The only person I know that ever said he had a problem with a weapon in Vietnam was a guy I worked with who operated a quad M2 50 cal, he said those things where always breaking down, mainly because where he was at his fire base was attacked almost nightly and he ran that quad hot.
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Old June 30, 2019, 11:51   #23
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While I haven’t personally carried the M14 in battle, before my Dad passed away earlier this year, he told me several stories about him carrying one while he has in Vietnam. One of the stories he shared with me was when he first got to Vietnam and because he was a combat medic he wasn’t required to carry a weapon. He asked the Sargent if he was going to shot at and the Sargent replied well yes the enemy will be shooting at you. He then said well I want something that I can shoot back at them with. He then said he asked for the M14, which is what he carried. He never related any stories of his M14 breaking or having any problems in the field with his M14. That doesn’t mean he never had any and it doesn’t prove he had them either. He did share with me that he slept with his M14 every night he was in Vietnam, he was there from 1967 to 1969.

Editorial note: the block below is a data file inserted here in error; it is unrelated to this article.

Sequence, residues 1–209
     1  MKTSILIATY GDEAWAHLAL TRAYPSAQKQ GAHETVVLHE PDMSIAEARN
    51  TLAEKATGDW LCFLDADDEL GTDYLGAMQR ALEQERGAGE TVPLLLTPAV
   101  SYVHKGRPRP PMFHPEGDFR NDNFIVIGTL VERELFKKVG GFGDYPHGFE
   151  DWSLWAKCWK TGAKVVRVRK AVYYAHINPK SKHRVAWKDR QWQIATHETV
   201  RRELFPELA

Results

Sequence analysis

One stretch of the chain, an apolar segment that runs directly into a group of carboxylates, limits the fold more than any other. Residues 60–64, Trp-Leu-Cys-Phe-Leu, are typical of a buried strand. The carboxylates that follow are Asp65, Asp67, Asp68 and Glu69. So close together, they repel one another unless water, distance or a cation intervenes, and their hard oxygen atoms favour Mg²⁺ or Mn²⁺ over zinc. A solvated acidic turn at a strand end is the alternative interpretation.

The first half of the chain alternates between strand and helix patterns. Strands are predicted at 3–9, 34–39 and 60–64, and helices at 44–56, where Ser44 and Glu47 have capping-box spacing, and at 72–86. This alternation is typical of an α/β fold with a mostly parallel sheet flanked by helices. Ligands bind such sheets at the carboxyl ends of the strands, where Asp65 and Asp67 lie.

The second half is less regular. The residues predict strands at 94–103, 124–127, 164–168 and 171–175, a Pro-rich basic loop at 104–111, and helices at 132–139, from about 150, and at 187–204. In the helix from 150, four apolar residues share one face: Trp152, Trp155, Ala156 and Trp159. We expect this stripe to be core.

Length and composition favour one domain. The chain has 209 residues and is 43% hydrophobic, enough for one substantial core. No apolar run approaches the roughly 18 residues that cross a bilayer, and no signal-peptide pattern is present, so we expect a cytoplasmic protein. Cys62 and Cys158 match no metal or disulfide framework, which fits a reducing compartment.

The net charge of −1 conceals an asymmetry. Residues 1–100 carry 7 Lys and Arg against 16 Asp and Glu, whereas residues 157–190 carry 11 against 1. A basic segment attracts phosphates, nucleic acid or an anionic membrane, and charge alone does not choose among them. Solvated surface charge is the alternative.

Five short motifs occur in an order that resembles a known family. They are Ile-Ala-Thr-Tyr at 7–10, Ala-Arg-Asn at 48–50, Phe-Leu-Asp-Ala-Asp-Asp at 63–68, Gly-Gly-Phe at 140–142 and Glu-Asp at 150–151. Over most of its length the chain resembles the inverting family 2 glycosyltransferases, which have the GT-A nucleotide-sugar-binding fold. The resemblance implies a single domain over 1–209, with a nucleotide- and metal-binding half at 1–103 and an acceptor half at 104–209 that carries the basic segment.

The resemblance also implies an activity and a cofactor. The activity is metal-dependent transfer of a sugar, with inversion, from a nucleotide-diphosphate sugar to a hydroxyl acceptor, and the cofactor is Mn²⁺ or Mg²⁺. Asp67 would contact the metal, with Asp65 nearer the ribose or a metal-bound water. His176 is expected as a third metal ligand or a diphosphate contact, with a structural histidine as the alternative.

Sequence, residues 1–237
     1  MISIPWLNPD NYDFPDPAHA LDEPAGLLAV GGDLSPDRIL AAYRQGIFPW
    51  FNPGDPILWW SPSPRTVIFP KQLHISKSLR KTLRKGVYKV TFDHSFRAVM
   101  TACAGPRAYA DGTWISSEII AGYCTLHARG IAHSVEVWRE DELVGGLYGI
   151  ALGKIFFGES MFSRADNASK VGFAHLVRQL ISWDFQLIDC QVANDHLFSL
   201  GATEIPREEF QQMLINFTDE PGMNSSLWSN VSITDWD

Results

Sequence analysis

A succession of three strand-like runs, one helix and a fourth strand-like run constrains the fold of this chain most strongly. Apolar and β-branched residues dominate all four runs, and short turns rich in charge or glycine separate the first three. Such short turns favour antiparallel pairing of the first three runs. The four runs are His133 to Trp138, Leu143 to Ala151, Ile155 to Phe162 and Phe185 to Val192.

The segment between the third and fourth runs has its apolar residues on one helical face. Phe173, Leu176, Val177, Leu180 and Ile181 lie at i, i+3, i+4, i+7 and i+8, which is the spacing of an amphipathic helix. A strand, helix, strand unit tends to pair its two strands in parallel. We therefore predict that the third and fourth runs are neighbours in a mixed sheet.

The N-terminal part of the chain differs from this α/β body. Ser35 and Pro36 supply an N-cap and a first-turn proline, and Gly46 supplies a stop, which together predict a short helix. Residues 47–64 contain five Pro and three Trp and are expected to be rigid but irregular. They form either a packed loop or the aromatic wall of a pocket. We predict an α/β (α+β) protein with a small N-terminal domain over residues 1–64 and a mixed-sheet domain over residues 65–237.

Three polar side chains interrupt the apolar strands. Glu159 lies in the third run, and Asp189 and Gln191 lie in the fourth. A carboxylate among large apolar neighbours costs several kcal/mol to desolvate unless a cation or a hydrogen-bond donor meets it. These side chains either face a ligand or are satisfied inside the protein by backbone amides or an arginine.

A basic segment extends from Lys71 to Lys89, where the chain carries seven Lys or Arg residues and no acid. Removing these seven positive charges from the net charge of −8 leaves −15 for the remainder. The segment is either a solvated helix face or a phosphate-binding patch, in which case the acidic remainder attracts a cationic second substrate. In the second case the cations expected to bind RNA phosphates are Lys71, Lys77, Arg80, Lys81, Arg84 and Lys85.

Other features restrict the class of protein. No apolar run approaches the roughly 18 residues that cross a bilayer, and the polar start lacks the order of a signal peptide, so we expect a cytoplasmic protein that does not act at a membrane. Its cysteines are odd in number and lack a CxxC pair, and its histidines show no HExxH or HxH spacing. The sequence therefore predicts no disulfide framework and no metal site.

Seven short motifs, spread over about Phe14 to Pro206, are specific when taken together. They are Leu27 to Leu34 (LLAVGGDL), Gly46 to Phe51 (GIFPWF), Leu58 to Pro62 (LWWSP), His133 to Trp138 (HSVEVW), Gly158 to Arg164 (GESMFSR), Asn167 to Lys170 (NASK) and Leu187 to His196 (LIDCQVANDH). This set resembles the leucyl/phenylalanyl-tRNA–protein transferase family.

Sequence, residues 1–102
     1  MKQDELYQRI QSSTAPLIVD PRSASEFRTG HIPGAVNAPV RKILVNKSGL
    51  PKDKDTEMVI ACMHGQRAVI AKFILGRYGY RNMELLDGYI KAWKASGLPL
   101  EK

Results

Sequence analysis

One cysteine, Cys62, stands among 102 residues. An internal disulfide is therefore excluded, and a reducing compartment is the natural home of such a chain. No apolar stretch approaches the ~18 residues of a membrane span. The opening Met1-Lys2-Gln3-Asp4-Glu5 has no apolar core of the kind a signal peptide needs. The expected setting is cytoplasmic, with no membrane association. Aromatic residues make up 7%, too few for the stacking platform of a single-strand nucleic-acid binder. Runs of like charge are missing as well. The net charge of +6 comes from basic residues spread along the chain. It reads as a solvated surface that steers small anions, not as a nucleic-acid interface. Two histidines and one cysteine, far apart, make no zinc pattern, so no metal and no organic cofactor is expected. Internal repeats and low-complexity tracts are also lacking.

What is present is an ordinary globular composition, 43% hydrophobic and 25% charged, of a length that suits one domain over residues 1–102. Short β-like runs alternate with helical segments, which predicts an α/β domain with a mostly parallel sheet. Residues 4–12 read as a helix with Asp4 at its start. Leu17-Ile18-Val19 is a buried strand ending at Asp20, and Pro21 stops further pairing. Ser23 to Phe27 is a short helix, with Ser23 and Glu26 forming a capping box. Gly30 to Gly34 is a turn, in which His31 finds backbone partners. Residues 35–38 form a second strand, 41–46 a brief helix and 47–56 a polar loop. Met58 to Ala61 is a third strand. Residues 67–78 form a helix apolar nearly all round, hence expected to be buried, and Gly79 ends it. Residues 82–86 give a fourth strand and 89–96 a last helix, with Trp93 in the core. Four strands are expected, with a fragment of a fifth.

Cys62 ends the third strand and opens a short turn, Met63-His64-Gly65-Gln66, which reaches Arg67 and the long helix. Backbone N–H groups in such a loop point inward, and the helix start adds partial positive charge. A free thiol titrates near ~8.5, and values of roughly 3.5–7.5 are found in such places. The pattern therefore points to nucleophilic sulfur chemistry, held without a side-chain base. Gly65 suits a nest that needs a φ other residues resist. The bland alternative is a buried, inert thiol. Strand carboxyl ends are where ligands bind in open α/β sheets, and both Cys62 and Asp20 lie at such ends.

The only person I know that ever said he had a problem with a weapon in Vietnam was a guy I worked with who operated a quad M2 50 cal, he said those things where always breaking down, mainly because where he was at his fire base was attacked almost nightly and he ran that quad hot.
I personally knew two guys that carried M14s in 'Nam, pre-M16 era. Neither of them said anything bad about their rifles, other than (like so many others) complaining about the weight...one of them thought well enough of it that he not only bought an M1A, but went out of his way to make it into a legal version of his old M14, right down to adding a slotted handguard.